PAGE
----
Doctor Richard Kiely uses several specific terms like student agency and languaging introducing the notion of task-based language teaching [5, p. 1]. They have been defined by M. Swain. Languaging refers to the process of making and shaping knowledge and experience through language. It is part of what constitutes learning. Languaging about language is one of the ways we learn language. This means that the languaging (the dialogue or private speech) about language that learners engage in takes on new significance. In it, we can observe learners operating on linguistic data and coming to an understanding of previously less well understood material. In languaging, we see learning taking place. Student agency presupposes that the learner acts as agent: as an individual who perceives, analyses, rejects or accepts solutions offered, makes decisions and so on [6].

R. Kiely states that in the PPP classroom (present, practice, produce) the teacher leads and controls everything. So there is limited space for student activity and student agency. PPP also involves a linear syllabus. So there is one chance to master grammatical rules and other elements of language. And finally, in the PPP format, lessons can become a bit tedious and predictable. So not the best way of motivating learners. In task based language teaching the focus is on meaning rather than form, on the things we do with language rather than the features of grammar and other rules. TBLT focuses on activities which engage students in using language in diverse and creative ways. R. Kiely proves that TBLT aligns with theoretical understandings of the processes of language learning in emphasizing the importance of meaning based language production and ‘noticing’ where learners using the language identify what it is they should be using, and also what it is they still have to learn as well as in promoting the notion of ‘languaging’ [5, p. 1].

Thus the key notion of TBLT is the task. It is viewed as a piece of classroom work that involves learners in comprehending, manipulating, producing or interacting in the target language while their attention is focused on mobilizing their grammatical knowledge in order to express meaning and in which the intention is to convey meaning rather than to manipulate form [7, p. 4]. In TBLT real-world tasks are often transformed into pedagogical tasks which can be of two types: 1) rehearsal tasks which give an opportunity to rehearse some real-world situation; 2) activation tasks which are designed to activate learners’ emerging language skills [7, p. 20].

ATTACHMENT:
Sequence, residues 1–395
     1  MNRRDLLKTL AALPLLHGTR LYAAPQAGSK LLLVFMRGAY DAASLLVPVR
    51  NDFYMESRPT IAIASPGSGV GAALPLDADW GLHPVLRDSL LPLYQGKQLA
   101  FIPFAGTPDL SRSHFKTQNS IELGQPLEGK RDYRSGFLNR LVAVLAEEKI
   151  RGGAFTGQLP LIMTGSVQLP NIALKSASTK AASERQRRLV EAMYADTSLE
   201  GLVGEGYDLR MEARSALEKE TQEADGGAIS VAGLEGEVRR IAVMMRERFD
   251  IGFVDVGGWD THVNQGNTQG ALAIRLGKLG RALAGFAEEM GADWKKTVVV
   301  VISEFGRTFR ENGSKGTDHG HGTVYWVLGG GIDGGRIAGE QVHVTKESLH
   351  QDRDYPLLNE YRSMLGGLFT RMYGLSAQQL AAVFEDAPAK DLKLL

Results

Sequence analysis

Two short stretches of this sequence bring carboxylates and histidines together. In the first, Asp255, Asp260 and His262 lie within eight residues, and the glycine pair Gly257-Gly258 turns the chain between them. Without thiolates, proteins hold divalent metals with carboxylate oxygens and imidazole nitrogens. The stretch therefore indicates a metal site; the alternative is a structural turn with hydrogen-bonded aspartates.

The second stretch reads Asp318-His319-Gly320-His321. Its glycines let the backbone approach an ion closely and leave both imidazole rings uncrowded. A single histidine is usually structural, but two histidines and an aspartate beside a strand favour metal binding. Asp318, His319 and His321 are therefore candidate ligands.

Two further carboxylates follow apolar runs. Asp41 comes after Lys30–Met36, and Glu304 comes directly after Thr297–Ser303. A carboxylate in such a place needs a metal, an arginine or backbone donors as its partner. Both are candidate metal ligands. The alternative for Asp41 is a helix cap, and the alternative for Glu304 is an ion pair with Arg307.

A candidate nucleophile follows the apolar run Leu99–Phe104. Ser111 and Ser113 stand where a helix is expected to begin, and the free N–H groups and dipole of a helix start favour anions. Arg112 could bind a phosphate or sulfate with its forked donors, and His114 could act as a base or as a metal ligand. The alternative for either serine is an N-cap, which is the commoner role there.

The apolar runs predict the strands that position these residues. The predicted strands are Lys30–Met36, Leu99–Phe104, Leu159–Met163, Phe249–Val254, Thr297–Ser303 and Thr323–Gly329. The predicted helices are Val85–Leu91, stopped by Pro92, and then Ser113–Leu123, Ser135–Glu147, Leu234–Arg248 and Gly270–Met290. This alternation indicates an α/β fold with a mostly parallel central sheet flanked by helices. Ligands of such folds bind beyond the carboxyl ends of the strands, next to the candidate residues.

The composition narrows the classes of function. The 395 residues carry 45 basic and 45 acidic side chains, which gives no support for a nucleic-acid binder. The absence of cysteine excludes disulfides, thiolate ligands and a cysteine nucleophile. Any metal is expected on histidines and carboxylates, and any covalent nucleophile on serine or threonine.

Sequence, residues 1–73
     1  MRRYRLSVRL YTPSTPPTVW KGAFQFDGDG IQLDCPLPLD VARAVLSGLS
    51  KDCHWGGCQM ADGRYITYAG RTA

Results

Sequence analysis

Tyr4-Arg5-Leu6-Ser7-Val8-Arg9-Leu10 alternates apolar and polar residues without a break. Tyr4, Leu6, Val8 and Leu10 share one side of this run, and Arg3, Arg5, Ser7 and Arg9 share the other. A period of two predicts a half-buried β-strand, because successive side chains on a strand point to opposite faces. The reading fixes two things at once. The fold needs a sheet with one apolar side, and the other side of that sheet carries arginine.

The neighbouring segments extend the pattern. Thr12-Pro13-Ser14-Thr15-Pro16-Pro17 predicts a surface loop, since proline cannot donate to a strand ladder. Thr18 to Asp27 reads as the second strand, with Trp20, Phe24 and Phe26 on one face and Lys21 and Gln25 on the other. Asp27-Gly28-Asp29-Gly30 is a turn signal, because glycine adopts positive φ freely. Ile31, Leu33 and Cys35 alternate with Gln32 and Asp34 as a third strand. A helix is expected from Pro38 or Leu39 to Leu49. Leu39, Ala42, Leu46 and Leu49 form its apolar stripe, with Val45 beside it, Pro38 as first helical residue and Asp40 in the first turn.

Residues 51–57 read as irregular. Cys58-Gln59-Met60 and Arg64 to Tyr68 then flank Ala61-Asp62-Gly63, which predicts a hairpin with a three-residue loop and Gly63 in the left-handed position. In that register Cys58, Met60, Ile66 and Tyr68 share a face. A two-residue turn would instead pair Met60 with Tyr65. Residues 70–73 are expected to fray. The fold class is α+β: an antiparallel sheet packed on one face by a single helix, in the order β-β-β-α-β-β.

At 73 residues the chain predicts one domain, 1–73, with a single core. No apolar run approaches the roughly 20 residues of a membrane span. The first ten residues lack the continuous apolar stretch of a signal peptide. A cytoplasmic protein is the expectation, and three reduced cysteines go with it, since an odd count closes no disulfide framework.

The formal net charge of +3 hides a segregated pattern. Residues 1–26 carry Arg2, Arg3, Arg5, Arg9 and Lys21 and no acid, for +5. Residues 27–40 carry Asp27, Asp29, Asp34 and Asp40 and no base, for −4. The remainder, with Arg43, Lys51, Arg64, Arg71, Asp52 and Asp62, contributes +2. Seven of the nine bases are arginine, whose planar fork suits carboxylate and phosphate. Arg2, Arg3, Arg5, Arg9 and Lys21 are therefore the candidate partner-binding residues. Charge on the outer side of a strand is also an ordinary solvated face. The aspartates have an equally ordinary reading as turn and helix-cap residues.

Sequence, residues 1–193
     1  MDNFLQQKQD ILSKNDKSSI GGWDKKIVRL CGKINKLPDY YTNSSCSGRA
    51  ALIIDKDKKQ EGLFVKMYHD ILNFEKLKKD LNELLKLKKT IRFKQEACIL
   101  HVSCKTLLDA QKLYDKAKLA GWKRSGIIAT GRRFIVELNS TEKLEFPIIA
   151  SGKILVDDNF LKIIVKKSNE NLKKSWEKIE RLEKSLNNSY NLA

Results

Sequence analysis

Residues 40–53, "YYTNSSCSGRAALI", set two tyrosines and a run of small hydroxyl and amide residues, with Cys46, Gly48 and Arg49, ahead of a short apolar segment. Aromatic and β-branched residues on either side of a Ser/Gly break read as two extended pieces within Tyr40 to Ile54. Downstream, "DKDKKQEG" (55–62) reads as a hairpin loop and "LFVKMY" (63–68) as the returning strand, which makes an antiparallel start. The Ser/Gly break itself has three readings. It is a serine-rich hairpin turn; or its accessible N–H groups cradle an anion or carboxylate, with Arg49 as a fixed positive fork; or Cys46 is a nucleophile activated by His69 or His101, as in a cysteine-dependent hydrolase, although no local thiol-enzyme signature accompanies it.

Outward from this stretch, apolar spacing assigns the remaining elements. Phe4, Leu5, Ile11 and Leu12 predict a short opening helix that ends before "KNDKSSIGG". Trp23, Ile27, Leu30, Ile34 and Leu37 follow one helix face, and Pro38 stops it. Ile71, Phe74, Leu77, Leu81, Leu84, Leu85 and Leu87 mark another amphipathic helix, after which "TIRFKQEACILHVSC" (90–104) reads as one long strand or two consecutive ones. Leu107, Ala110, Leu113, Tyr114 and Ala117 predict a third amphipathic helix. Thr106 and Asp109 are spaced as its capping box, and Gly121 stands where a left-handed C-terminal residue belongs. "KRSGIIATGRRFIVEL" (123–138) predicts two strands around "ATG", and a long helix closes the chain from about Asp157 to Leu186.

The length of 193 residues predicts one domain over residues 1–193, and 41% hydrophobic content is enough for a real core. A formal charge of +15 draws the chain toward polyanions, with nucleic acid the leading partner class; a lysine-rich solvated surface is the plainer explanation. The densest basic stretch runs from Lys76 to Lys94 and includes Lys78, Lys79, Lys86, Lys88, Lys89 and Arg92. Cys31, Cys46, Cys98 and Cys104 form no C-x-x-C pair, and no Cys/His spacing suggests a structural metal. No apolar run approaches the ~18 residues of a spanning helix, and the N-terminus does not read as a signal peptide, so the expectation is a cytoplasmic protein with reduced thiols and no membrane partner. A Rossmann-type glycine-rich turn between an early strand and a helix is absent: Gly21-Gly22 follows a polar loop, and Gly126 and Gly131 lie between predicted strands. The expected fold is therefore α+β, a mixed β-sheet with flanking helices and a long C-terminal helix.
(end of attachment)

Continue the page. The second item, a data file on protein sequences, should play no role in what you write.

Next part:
For example, a rehearsal task: write your resume and exchange it with a partner. Study the positions available advertisements in the newspaper and find three advertisements that would be suitable for your partner. Then compare your choices with the actual choice made by your partner.

One more example, an activation task: work with three other students. You are on a ship that is sinking. You have to swim to a nearby island. You have a waterproof container, but can only carry 20 kilos of items in it. Decide which of the following items you will take: axe (8 kilos); box of novels and magazines (3 kilos); cans of food (500 grams each); packets of sugar, flour, rice, powdered milk, coffee, tea (each packet weighs 500 grams); bottles of water (1.5 kilos each); medical kit (2 kilos); short-wave radio (12 kilos); portable CD player and CDs (4 kilos); firelighting kits (500 grams each); rope (6 kilos); notebook computer (3.5 kilos); waterproof sheets of fabric (3 kilos each). The purpose here is to activate certain language functions and structures: making suggestions, agreeing, disagreeing; how much/how many; special questions [7, p. 20].